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What's the difference between casting an Int to a string and the ToString() method ?

For example :-

int MyInt = 10;
label1.Text = (string)MyInt;       // This Doesn't Work
label1.Text = MyInt.ToString();    // but this does.
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up vote 20 down vote accepted

Well, ToString() is just a method call which returns a string. It's defined in object so it's always valid to call on anything (other than a null reference).

The cast operator can do one of four things:

  • A predefined conversion, e.g. int to byte
  • An execution time reference conversion which may fail, e.g. casting object to string, which checks for the target object being an appropriate type
  • A user-defined conversion (basically calling a static method with a special name) which is known at compile-time
  • An unboxing conversion which may fail, e.g. casting object to int

In this case, you're asking the compiler to emit code to convert from int to string. None of the above options apply, so you get a compile-time error.

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Looks like your rep will be 50K today! Advanced congratulations! – Cerebrus Apr 2 '09 at 11:07
    
:) To add to the answer, in C#, int is an alias to the class Int32. So MyInt is an object of type Int32 which does not support casing to String because it does not derive from it. – daanish.rumani Apr 2 '09 at 11:09
    
@daanish, Int32 isn't a class in C#, it's a struct. – KdgDev Apr 2 '09 at 11:31
    
Thanks for this answer - it helps a lot. – cyberbobcat Apr 2 '09 at 12:05
    
Just out of curiosity, why int to string is not predefined? does it have anything to do with culture dependent format, perhaps? – Zohar Peled May 14 '15 at 13:17

The difference is that with the cast, you ask the compiler to assume that the int is in fact a string, which is not the case.

With the ToString(), you ask for a string representation for the int, which is in fact a string :)

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Um, ToString() is calling a method that returns a string representation of the integer.

When you cast, you are not returning a representation, you are saying that you want to reference the same object (well, value-type in this case) but you want to reference it as a different type.

A cast will only succeed if the type you are casting to (target type) is the same type as the object being cast or the target type is a superclass or interface of the cast object.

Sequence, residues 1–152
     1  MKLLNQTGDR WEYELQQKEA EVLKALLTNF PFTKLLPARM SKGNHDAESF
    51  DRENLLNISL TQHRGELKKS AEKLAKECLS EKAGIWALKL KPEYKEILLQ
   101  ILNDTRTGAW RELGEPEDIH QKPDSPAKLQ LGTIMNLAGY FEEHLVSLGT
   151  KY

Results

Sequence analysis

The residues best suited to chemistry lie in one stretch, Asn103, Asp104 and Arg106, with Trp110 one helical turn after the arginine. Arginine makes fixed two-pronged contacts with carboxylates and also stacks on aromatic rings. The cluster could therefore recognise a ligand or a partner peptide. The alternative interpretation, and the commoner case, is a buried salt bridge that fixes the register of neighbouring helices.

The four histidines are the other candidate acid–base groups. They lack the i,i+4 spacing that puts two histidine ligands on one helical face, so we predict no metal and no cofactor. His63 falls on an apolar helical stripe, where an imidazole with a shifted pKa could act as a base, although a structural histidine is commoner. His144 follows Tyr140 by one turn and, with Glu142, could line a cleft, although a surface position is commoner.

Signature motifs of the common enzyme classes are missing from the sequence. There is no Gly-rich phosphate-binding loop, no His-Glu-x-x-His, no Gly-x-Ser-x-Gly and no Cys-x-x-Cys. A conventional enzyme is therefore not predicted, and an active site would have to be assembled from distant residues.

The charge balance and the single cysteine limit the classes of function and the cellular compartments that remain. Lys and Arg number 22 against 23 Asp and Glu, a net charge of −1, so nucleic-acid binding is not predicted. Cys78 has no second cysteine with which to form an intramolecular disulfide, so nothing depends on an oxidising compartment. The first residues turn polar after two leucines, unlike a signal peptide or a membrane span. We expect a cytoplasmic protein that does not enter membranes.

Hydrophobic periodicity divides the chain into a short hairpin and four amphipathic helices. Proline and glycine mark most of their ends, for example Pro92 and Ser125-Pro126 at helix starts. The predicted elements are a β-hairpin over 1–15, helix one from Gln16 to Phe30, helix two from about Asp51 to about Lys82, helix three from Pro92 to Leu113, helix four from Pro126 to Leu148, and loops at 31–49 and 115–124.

It is actually possible to do conversion in a cast providing the the source or target type declare implicit or explicit conversions, but the Int32 type does not do this for the String target type.

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The .ToString() method is a method implemented on the System.Object type (from which all .NET types derive) and can be overridden on specific derived types.

Therefore the "int" type has it's own .ToString() method which knows all about ints, and how to convert them to a string representation.

With the (string)myint explicit cast, you are asking the compiler to forcefully convert/cast one type to another (in this case, an int into a string). It fails because the compiler says that a string and an int are incompatible types.

So, the explicit cast fails because the compiler says that an int is not a string, however the .ToString() call succeeds because the int type says that it's value can be represented as a string, and does so!

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The ToString() method is one of the most usefull methods in programming and many other languages, such as Java, have the exact same method implemented at the Object level.

You can define your own and the signature in C# must always be this:

public override string ToString()

Which means this method will override the one define in the Object-class and returns a string. Inside, you manipulate your string in whichever way you want and then return the result.

Furthermore, the specific reason you can use ToString on that integer is because within C#, integers are all instances of the Struct Int32.
Seeing as Int32 is at the same level of a class, it can have its own methods, one of which is ToString().

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One more thing never use .ToString() if you think the object might be null or your application will crach example :

//Emulates the problem that might happen
object obj = null; obj.ToString();

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